Somatic and Attachment Focused (S.A.F.E) EMDR was developed by Deborah Kennard after many years as an EMDR trainer, teaching Francine Shapiro’s training through EMDR HAP and the EMDR Institute.  It was developed to address some common blocks that many therapists were experiencing when working with clients who have experienced complex trauma.  

The ultimate goal of the S.A.F.E. EMDR approach is to facillitate the most safe and efficient way to implement EMDR Therapy.    We have a simplified somatic and attachment approach using principles of nonviolence and mindfulness.  These same principles apply to both therapy and training.  In order to teach our approach, we model and practice it in the training environment.  

Francine Shapiro’s EMDR Therapy is based on the Adaptive Information Processing (AIP) model.  The premise of that model is that disturbing experiences become stored in a different way than other experiences.  When something traumatic or disturbing happens it becomes stored in the system with all of the aspects of the original experience and present moment events trigger that dysfunctionally stored memory, resulting in what appears to be an over reaction.  This is a very powerful model the effectiveness of which has been verified by research in neuroscience. 

One of the positive aspects of the EMDR therapy training is the accessibility for clinicians.  EMDRIA requires 40 hours of training and 10 hours of consultation as the minimum for an EMDRIA approved EMDR training.  Compared to other trainings such as Pat Ogden’s, Sensorimotor Psychotherapy or Peter Levine’s Somatic Experiencing ,both of which have multiple levels of trainings, each 6 to 8 months in duration, EMDR is much more affordable and accessible for most clinicians.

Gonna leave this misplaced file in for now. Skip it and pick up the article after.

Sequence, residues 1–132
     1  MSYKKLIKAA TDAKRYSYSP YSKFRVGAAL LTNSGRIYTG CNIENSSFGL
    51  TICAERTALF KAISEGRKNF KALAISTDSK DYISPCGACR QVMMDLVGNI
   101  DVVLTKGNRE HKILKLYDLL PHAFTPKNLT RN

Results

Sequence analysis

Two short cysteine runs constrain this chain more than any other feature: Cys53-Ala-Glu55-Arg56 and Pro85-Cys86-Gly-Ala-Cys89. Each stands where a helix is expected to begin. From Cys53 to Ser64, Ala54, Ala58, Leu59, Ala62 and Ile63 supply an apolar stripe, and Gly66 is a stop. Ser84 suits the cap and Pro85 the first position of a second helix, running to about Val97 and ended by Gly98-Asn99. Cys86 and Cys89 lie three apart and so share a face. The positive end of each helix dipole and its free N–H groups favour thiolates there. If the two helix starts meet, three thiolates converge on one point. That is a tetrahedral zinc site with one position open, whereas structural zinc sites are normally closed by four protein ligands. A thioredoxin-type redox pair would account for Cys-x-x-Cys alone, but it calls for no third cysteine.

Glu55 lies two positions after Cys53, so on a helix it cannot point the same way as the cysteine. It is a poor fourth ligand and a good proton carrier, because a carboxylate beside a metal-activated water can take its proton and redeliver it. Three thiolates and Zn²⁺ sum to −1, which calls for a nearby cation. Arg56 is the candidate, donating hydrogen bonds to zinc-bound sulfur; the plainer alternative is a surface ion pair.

Including a simplified way of applying attachment and somatic theories in our training deepens the understanding of trauma and trauma treatment.  This depth of understanding provides opportunities to tailor resources to specific needs of the client. These theories specifically address safety and relationship aspects, both of which are common issues when working with clients who have experienced complex trauma.

After the completion of Sensorimotor Psychotherapy Level 3 and becoming a Certified Sensorimotor Psychotherapist, Deborah Kennard developed S.A.F.E. EMDR, as a way to bring in the powerful aspects of the body centered psychotherapies while maintaining fidelity to the EMDR model. 

S.A.F.E. EMDR incorporates the principles of nonviolence and mindfulness to the EMDR therapy training as well as a simplified way to conceptualize attachment and somatic theories.  Nonviolence and mindfulness are important aspects of effective therapy of any type, but especially trauma therapies.  These principles foster the conditions for healing to occur.

One major and unique difference in our training is the concept of “The Answer,” that is the client’s adaptation in order to stay safe or stay connected to caregivers.  This concept is woven in to all 8 phases of the EMDR therapy.  The understanding that the adaptation creates our characteristics in personality as well as body type has been a part of other psychological type theories such as Wilhelm Reicht’s Character Types and Pat Ogden and Ron Kurtz’s Character Strategies.  We came up with our own character types, in which the types reflect the strength of the client’s adaptation.

The Answer is a simplified way to conceptualize the client’s attachment patterns and adaptation to the environment including, the family culture, genetics and traumatic experiences. which may have resulted in a restricted sense of feeling safe in the present moment, also referred to a decreased “window of affect tolerance” (Dan Siegel).